Since Elon Musk first proposed Hyperloop, the concept has grown and flourished. Nowadays there are many companies competing to fulfill this dream of airplane-speed travel on (or even under) the ground.
Back in October 2017, Maryland Governor Larry Hogan announced issuing Musk’s The Boring Company (plans here) a conditional utility permit to start the Hyperloop tunnel project. This is a culmination of years of design, development, and testing–not to mention a periodic prodding on Musk’s part.
The permit will allow The Boring Company to dig a 10.3-mile tunnel beneath the Baltimore-Washington Parkway, between the Baltimore city line and state Highway 175 in Hanover. As you see below, Musk predicts that the route will allow a 29-minute NYC-DC trip.
Just received verbal govt approval for The Boring Company to build an underground NY-Phil-Balt-DC Hyperloop. NY-DC in 29 mins.
— Elon Musk (@elonmusk) July 20, 2017
In 2013, Elon Musk first proposed Hyperloop as an alternative to the expensive $68 billion California High-Speed Rail Project. In that first proposal, Musk outlined how Hyperloop technology could employ magnetically-suspended pods traveling in a near-vacuum environment and at nearly the speed of sound.
One of the initial selling points of the Hyperloop train, Musk boasted that the current 7-hour or more trip from Los Angeles to San Francisco could take a mere 30 minutes.
This journey began after Musk tweeted a complaint about LA traffic.
These days, however, there are multiple firms competing to build the first workable Hyperloop route. In particular, two California-based startups, Hyperloop Transportation Technologies and Virgin Hyperloop One, are hard at work.
“It’s happening far faster than I would have ever expected, and it’s happening all over the world,” Dr. David Goldsmith, a researcher at Virginia Tech told NBC news.
Of course, practical Hyperloop applications will take years of testing and regulatory challenges to come to fruition, but developers hope to be able to deliver pods that can carry up to 40 passengers at speeds near 800 mph.
Virgin Hyperloop One Progress
Late last month, Virgin Hyperloop One announced the unveiling of the initial design for a Dubai Hyperloop pod. This pod is a full-scale replica of the eventual pod that allows anyone to experience what the pod will look and feel like as a traveler.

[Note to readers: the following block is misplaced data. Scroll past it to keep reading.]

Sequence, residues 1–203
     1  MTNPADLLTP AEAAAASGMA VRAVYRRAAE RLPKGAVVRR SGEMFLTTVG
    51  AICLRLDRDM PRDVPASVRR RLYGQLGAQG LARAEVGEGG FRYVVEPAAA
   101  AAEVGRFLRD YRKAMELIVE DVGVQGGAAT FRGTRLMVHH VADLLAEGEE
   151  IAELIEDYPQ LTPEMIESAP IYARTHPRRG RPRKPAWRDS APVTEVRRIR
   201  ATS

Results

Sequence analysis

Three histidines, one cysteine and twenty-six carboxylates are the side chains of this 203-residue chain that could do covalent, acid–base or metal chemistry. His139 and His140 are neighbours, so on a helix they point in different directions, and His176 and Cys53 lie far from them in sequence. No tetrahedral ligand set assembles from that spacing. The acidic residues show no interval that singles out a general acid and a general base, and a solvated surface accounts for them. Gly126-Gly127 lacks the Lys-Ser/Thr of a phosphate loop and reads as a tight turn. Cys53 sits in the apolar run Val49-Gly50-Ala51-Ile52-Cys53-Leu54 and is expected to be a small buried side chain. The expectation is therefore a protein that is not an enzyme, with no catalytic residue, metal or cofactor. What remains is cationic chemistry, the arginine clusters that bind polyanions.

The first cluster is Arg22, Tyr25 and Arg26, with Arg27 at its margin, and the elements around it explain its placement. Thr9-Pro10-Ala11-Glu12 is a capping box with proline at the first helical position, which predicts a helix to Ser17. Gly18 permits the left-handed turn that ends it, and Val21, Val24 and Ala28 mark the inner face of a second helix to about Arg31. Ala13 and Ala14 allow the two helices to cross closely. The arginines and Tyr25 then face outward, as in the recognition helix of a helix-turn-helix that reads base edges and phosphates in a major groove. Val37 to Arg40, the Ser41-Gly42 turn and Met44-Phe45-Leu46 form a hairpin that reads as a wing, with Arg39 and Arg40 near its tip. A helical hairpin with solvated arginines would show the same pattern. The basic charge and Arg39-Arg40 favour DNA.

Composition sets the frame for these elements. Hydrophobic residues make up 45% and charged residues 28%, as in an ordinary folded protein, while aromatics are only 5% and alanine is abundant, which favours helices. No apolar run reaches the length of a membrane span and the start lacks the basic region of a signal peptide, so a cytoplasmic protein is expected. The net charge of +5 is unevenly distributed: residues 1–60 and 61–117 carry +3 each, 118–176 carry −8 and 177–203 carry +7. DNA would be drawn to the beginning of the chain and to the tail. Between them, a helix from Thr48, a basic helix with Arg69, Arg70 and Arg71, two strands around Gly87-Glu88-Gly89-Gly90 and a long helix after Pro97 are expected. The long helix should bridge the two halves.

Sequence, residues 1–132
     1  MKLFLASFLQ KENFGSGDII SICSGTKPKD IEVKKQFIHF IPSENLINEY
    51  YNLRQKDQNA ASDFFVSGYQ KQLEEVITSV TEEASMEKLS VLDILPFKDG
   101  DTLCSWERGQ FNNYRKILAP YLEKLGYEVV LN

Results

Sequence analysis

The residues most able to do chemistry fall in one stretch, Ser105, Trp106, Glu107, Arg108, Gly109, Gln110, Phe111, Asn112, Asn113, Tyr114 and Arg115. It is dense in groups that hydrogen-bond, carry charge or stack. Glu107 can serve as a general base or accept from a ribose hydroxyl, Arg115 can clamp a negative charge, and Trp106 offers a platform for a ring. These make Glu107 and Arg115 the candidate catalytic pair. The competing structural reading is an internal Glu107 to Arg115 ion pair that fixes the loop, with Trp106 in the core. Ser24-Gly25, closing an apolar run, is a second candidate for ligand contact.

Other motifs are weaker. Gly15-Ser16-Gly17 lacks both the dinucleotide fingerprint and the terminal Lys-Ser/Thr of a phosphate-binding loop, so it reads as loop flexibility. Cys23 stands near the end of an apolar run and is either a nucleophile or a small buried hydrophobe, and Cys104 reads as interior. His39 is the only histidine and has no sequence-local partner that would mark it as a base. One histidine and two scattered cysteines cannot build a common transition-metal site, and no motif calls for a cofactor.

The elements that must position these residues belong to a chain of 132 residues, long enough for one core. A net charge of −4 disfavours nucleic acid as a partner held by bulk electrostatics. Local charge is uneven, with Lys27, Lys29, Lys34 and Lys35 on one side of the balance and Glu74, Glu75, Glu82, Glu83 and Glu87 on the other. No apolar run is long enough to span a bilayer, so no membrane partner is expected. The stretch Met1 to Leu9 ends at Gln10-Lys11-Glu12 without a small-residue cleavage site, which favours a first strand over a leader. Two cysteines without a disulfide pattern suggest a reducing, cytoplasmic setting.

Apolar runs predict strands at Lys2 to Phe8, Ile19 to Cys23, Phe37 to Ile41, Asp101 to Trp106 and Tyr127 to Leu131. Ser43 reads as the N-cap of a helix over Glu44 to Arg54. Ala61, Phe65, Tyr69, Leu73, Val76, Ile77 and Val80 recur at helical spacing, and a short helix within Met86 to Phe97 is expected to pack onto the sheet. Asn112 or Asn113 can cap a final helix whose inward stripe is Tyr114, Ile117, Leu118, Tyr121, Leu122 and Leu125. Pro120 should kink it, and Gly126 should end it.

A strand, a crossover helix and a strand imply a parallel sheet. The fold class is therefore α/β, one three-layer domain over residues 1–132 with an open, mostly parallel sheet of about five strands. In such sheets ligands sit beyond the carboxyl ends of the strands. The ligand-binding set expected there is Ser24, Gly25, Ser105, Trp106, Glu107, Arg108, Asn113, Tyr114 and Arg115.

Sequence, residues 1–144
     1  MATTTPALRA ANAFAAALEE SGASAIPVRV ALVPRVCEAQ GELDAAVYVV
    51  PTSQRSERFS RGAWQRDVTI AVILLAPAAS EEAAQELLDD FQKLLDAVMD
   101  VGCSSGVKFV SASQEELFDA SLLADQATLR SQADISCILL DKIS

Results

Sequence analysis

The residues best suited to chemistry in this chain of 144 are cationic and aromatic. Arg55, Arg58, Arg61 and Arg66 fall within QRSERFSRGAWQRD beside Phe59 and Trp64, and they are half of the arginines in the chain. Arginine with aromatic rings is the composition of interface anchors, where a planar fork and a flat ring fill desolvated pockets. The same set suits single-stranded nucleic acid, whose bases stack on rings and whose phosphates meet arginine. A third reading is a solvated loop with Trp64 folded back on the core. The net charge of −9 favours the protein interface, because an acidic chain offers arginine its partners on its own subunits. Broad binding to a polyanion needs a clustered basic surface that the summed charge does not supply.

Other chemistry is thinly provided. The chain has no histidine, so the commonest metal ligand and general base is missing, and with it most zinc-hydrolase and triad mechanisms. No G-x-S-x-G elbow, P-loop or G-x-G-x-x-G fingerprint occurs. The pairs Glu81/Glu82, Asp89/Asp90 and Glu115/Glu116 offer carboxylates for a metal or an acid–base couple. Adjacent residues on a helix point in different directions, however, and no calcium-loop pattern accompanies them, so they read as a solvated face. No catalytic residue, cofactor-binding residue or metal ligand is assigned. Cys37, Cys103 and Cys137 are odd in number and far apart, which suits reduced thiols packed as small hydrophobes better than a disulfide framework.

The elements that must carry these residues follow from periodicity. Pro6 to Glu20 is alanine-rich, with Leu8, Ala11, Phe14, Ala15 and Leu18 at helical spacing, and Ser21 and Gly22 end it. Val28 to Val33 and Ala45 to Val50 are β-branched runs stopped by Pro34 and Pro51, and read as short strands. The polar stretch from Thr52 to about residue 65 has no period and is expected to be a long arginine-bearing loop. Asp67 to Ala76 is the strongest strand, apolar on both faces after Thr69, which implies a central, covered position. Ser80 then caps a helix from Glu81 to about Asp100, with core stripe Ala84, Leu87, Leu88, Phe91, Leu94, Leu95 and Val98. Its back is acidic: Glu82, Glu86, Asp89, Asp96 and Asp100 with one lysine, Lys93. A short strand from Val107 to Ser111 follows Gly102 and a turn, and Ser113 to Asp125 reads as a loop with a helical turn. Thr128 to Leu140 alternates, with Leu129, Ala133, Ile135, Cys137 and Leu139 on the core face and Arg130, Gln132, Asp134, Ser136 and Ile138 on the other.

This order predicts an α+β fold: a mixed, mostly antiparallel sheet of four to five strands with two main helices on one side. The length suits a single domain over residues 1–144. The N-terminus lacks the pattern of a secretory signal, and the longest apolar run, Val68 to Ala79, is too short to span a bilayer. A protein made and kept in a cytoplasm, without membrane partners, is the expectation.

“The hyperloop is part of RTA’s initiatives for Dubai Future Accelerators,” said HE Mattar Al Tayer, Director-General, and Chairman of the Board of Executive Directors of Dubai’s Roads and Transport Authority (RTA).
“The UAE and RTA were early supporters of our hyperloop technology, so it is particularly exciting to be unveiling the Dubai hyperloop pod with the RTA as part of UAE Innovation Month. Our focus in 2018 would be continuing the close collaboration with RTA to progress to the next phase of the project,” said CEO of Virgin Hyperloop One Rob Lloyd.
Virgin Hyperloop One’s next phase, Phase 2, will consist of partnering with the Dubai government and RTA to evaluate and develop a wider UAE hyperloop network.
Hyperloop Transportation Technologies Progress
Also late last month, Hyperloop Transportation Technologies and the Northeast Ohio Areawide Coordinating Agency (NOACA) signed an official public-private partnership agreement. The measure received bipartisan support and reveals a consortium to conduct a $1.2 million feasibility study in the Great Lakes region.
HTT plans to build capsules that can hold 28-40 passengers and a train system that can shuttle over 160,000 passengers a day. Their magnetic levitation technology is projected to conduct their Hyperloop pod at speeds over 1,200 km/h.
HTT has also filed for construction permits in California and has received approval to begin planning projects in Slovakia, the Republic of Korea, and India.
While regulatory frameworks will take a while to come together, HTT did receive approval to insure Hyperloop from the world’s largest reinsurer, Munich Re.